Cryosurgery

Written by Brian Krans | Published on August 7, 2012
Medically Reviewed by George Krucik, MD

What is Cryosurgery?

Cryosurgery is a type of surgery that uses extreme cold to destroy abnormal tissue, such as tumors.

The surgery uses liquid nitrogen. When liquid nitrogen has a temperature between

-346 and -320 degrees Fahrenheit, it instantly freezes nearly anything it comes in contact with. In the case of human tissue, it can kill and destroy cells upon contact. This is important when the cells you want to kill are cancerous.

Typically used for tumors outside the body, cryosurgery is also used for certain tumors inside the body. Advances in cryosurgery technology have dramatically reduced the long-term side effects once associated with the treatment. The National Cancer Institute, however, claims that more studies are needed on the long-term side effects and effectiveness of cryosurgery (NCI).

Cryosurgery, also called cryotherapy, is similar to the technique used when doctors freeze off warts.

Why Cryosurgery Is Performed

Cryosurgery is used to destroy problem tissues in the body. In most cases of cancer, it is not the first line of defense. However, it can be used when other forms of treatment have proven unsuccessful, especially if the cancer has returned following other treatments.

Cryosurgery is most often performed to treat tumors on the skin. It is, however, used on some internal organs, such as the liver, when disease and other problems make conventional surgery difficult or risky.

Cryosurgery is used as the primary treatment for early prostate cancer that is contained in the prostate. It is also performed when cancer returns after other therapies.

Risks Associated With Cryosurgery

Cryosurgery does have risks and side effects, but they are considered lower than other cancer treatments, such as surgery and radiation, according to the National Cancer Institute (NCI).

Risks associated with cryosurgery include:

  • blisters
  • damage to nearby healthy tissue
  • infection
  • loss of sensation if nerves are affected
  • pain
  • scarring
  • sexual dysfunction
  • ulcers
  • white skin where applied

How to Prepare for a Cryosurgery

Your preparation for cryosurgery depends on the type of cryosurgery being performed. Cryosurgery for skin cancer—the main reason cryosurgery is used—requires little preparation on the part of the patient.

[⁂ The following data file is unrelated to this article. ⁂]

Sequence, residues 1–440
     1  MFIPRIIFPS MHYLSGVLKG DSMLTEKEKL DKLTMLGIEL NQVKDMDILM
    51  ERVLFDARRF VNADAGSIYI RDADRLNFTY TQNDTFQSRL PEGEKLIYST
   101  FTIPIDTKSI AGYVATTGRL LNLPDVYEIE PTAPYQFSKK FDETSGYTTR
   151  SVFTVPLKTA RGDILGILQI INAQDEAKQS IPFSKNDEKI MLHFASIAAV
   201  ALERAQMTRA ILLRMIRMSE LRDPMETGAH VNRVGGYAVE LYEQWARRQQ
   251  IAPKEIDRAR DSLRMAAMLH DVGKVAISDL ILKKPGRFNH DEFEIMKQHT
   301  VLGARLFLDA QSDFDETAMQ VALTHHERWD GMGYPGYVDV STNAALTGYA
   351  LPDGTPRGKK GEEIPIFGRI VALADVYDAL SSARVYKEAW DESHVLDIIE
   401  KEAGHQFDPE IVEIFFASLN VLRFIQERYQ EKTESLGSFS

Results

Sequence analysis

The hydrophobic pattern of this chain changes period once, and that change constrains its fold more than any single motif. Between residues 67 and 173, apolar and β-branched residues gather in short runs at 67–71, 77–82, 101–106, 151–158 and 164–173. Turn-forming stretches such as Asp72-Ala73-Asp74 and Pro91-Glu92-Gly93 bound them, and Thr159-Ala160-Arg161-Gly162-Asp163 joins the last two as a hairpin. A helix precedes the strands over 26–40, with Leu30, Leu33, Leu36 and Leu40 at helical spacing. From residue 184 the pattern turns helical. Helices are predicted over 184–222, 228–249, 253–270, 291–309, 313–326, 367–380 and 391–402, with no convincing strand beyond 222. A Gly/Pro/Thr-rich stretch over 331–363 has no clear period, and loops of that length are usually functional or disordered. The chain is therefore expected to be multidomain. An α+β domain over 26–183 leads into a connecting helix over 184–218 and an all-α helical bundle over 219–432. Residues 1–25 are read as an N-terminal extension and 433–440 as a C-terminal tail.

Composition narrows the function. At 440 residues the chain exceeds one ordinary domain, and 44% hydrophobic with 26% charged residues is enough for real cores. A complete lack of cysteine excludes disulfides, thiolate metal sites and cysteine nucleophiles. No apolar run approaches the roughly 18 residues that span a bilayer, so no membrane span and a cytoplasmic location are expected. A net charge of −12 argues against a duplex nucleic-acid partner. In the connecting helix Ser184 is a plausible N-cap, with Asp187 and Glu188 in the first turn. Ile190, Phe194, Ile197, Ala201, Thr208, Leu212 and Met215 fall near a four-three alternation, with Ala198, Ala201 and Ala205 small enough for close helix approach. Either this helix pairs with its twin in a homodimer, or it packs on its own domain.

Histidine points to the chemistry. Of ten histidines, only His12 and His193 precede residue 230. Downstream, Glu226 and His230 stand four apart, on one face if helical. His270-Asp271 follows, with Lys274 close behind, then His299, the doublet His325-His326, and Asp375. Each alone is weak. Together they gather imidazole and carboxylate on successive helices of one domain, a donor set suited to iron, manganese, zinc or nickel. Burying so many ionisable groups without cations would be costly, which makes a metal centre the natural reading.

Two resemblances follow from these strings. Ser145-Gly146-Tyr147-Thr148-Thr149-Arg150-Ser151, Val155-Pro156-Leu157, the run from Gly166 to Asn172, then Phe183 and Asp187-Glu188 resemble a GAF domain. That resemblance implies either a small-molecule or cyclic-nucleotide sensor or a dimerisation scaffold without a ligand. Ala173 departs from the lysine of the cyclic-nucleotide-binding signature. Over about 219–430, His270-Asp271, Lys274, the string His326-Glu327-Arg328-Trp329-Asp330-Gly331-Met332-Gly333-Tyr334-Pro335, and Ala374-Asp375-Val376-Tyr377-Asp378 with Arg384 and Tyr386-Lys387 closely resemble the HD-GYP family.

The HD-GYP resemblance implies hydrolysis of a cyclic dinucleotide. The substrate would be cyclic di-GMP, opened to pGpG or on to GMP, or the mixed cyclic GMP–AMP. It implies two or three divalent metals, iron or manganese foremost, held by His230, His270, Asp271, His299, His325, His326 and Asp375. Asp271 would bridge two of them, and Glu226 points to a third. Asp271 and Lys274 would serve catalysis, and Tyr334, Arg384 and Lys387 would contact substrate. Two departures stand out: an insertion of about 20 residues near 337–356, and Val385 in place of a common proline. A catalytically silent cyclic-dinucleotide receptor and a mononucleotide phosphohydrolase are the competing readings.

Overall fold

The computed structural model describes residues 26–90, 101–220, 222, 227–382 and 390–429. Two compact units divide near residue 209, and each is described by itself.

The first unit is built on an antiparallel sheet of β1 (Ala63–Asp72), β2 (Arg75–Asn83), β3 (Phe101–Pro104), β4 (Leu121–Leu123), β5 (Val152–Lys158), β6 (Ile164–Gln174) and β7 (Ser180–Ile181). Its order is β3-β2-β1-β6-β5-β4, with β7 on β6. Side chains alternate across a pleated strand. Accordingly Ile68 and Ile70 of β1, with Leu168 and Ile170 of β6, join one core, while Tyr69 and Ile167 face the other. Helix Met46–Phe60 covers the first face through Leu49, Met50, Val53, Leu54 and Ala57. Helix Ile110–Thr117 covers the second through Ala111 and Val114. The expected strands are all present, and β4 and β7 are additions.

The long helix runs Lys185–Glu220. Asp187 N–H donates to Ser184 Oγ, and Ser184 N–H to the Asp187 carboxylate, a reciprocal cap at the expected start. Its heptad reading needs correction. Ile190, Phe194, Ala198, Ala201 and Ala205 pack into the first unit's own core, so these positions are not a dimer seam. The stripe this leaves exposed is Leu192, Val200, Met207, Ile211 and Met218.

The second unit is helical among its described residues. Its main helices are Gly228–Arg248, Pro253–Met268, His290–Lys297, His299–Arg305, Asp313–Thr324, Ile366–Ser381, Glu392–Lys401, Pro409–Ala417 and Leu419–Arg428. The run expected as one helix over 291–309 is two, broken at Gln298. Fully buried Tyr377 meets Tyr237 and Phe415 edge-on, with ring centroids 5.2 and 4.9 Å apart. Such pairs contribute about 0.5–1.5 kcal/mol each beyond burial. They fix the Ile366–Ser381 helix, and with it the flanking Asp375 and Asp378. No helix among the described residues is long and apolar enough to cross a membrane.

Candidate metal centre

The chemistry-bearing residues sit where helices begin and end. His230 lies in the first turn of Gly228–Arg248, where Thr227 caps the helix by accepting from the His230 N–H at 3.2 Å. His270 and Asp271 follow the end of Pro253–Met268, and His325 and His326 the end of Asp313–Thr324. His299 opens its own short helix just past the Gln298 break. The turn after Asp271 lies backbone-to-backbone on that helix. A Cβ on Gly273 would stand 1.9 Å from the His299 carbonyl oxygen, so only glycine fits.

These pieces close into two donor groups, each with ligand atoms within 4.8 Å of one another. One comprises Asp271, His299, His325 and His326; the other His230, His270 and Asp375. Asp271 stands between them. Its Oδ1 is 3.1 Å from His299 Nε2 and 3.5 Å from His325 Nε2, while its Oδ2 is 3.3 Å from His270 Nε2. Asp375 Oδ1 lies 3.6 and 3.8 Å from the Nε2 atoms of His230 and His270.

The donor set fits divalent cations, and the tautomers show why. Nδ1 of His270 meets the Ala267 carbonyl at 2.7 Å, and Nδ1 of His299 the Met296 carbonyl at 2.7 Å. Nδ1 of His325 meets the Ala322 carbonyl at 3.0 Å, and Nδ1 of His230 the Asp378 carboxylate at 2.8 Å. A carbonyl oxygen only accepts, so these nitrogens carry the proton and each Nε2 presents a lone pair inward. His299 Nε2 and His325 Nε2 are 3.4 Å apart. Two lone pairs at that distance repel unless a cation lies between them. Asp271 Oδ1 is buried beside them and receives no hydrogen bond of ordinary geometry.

If your doctor will be treating an internal organ with cryosurgery, you will typically be given the same instructions given before traditional surgery. You will be asked to fast 12 hours beforehand and arrange for a ride home from the procedure.

Prior to the procedure, inform your doctor if you have an allergy to anesthesia, as well as any and all medicine you are taking, including over-the-counter medications and nutritional supplements.

Your doctor will provide you with complete preparation instructions. It is important that you follow them.

How a Cryosurgery Is Performed

Your doctor will place liquid nitrogen on your skin using a cotton swab or spray. A numbing medicine may be used to prevent any pain or discomfort.

If an internal area is being treated, your surgeon will use a scope, which is a flexible tube that can fit into various openings in your body, such as the urethra, rectum, or a surgical incision. The liquid nitrogen is fed to the area under treatment and applied to the targeted cells. The cells freeze and die and then will be slowly absorbed by your body.

Your doctor will use imaging equipment, such as an ultrasound, as a guide for carrying out the procedure.

Following Up After Cryosurgery

After most cryosurgeries, you can go home the same day. Some surgeries, namely complicated internal ones, may require an overnight stay.

After the procedure, you’ll be tasked with caring for any incision wounds or places where skin has been frozen. Your doctor will give you instructions for these, but care typically involves keeping the area free of contaminants and changing the bandages to prevent infection.

You will have follow-up appointments where your doctor will determine how successful your treatment was, if there were any complications, and whether you will need more cryotherapy.

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